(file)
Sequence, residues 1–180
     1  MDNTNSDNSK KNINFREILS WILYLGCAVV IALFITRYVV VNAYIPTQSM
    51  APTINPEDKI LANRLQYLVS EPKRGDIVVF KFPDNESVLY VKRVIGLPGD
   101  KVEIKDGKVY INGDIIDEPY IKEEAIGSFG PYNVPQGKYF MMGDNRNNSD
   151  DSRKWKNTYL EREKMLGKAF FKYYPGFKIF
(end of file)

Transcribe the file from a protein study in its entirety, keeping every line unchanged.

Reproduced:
Sequence, residues 1–180
     1  MDNTNSDNSK KNINFREILS WILYLGCAVV IALFITRYVV VNAYIPTQSM
    51  APTINPEDKI LANRLQYLVS EPKRGDIVVF KFPDNESVLY VKRVIGLPGD
   101  KVEIKDGKVY INGDIIDEPY IKEEAIGSFG PYNVPQGKYF MMGDNRNNSD
   151  DSRKWKNTYL EREKMLGKAF FKYYPGFKIF